I used to commute sixty miles a day, five days a week to support my family. As an animal lover I have always had cats and in recent years a couple of dogs. When you have pets at home, and your employment demands you work longer hours, it quite challenging if you don’t have friends or familly to help you out.
The doggy daycare business is growing rapidly because people are realize the importance of exercising and socializing their dogs. Separation anxiety (a behavior in dogs that causes the dog to be very destructive when the owner leaves) has caused many dogs to be given up to shelters. The behavior is interpreted as "bad behavior" instead of a condition that can be addressed and treated.
Even more challenging for pet owners is the different options for care of their pets for an extended period of time due to traveling for work or vacations. Options can consist of pet sitters who will come to your home, a traditional kennel with runs, and an open kennel environment where dogs are in groups loose with other dogs. Everyone has their preference and different comfort levels with each of these services.
Since I've traveled down this road myself and experienced my own anxiety about leaving my pets in someone's care I decided to launch my own business because I know the value and importance of reliable, caring and trustworthy caregivers. I not only want to provide a safe environment but a fun environment with time to get to know each pet as an individual. They all have personalities that I enjoy spending quality time with and getting to know each animal that is in my care.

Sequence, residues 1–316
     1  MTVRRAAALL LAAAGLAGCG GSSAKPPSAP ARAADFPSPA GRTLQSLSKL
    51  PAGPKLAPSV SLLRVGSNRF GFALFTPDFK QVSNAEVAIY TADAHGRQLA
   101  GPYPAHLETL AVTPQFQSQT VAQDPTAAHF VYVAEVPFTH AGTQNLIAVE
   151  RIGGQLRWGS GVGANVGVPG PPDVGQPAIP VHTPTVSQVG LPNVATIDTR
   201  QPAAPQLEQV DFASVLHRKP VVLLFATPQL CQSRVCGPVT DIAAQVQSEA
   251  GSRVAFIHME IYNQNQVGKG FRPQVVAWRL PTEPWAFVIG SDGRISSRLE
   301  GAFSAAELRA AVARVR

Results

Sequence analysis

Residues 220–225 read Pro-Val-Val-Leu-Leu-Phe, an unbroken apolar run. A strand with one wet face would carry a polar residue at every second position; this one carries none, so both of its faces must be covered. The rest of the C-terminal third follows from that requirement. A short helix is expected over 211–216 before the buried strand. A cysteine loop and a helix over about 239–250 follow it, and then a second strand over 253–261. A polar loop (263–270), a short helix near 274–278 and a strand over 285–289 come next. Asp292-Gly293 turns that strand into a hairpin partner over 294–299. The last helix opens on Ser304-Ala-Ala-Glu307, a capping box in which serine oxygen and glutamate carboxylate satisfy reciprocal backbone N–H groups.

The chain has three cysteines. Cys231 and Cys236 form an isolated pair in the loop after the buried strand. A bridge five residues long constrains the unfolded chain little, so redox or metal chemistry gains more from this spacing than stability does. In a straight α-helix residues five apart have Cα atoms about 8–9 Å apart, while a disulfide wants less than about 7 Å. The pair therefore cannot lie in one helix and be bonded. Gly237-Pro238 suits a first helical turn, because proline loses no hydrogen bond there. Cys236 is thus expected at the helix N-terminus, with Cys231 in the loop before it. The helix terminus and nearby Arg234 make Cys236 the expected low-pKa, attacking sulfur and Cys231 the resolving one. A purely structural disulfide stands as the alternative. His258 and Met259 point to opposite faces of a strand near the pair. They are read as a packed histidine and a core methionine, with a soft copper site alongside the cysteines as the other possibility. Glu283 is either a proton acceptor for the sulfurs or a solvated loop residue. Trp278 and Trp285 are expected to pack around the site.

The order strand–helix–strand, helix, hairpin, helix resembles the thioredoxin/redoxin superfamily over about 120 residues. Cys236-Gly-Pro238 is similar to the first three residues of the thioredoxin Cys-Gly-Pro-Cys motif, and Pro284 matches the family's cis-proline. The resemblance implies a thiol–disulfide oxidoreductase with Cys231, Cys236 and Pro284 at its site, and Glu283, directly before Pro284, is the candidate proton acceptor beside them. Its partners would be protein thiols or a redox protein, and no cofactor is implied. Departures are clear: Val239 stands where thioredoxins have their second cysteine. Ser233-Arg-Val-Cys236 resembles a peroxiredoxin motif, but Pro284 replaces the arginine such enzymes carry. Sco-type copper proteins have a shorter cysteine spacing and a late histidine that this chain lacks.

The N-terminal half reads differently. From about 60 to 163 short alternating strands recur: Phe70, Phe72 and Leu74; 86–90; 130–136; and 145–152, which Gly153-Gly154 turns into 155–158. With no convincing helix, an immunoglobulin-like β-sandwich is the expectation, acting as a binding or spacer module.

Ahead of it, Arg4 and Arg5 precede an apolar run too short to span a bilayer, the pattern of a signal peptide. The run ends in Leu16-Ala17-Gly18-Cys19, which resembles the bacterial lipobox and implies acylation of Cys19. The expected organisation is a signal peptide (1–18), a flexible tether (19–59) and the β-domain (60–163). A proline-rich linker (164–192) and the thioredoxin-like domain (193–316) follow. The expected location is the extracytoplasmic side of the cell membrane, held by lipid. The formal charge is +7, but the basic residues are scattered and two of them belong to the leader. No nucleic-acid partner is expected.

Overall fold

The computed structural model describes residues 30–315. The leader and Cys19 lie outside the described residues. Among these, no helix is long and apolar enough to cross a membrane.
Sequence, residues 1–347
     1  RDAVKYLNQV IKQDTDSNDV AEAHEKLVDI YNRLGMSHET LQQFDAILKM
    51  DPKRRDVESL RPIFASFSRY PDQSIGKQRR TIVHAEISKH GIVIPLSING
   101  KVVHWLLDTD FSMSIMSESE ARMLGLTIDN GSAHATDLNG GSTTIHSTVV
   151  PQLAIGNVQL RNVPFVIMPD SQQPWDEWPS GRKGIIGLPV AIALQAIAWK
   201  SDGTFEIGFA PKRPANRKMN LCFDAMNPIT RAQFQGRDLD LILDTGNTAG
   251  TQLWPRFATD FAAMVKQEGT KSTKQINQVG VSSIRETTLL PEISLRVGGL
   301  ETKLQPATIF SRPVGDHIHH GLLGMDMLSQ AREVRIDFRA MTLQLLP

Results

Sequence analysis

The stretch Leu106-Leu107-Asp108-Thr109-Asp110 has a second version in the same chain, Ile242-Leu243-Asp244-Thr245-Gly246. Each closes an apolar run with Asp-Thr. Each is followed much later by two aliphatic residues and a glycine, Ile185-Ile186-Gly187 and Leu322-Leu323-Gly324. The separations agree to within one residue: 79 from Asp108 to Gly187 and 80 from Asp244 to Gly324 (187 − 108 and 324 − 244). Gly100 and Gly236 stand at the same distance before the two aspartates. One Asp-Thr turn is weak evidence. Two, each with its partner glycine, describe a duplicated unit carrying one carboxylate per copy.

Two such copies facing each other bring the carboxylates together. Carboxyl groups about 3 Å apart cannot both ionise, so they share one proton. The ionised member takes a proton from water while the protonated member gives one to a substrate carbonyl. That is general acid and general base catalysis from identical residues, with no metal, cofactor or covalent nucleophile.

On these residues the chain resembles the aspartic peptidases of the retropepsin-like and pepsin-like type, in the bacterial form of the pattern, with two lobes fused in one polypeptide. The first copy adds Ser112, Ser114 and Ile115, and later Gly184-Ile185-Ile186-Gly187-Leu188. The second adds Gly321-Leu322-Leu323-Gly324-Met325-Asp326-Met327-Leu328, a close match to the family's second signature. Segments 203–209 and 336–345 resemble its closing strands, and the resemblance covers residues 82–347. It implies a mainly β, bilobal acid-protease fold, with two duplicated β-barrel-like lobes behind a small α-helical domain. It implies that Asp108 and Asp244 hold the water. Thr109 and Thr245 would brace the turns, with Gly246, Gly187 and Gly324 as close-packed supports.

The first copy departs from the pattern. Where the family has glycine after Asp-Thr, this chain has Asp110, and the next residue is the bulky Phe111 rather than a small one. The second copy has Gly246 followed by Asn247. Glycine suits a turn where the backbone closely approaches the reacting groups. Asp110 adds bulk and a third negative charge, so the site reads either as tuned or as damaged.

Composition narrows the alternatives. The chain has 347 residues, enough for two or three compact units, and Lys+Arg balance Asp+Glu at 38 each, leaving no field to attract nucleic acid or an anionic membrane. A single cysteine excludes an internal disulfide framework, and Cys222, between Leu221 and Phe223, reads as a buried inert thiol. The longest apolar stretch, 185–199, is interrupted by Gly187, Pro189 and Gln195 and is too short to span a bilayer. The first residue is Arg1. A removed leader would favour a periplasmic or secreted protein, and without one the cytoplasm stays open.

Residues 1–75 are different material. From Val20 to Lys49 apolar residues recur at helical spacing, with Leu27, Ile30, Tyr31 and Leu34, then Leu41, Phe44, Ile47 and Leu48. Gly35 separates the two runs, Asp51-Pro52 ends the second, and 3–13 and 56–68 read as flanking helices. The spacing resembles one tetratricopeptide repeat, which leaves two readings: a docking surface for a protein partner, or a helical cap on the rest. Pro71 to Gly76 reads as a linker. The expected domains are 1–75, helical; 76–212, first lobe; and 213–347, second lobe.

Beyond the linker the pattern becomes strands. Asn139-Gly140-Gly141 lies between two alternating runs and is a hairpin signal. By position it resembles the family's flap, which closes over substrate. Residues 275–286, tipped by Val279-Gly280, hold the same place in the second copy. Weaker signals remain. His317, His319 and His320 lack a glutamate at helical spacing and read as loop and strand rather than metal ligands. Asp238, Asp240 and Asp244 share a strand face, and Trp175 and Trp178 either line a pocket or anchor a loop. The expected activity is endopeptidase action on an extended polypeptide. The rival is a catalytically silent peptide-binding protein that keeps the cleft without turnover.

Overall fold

This year I have been able to partner with other pet professionals who offer a variety of services from pet massage, dog classes ranging from basic training to agility, animal communication, and off lead exercise (indoor and outdoor.) As well as other pet sitters in different territories. Another exciting service that I hope to launch next year is summer camp for kids and their pets with a farm twist.
If I can offer any tips on selecting the right care for your pet, it would be to get to know the person who will be caring for your pet. Visit the facilities, if you are taking your pet somewhere for care, observe the animals that are in care there. How similar or different is the environment to what your pet is used to? Does your pet enjoy meeting other pets? Or is it better that he/she is kenneled in their own enclosure? Does the potential caregiver have experience with aggressive behavior, health issues, and is prepared for an emergency? After taking a logical look at things, how do you feel about the person and/or facility? I guess a good way of saying it is listen to your gut feeling, if you aren't completely comfortable, chances are your pet won't be either.
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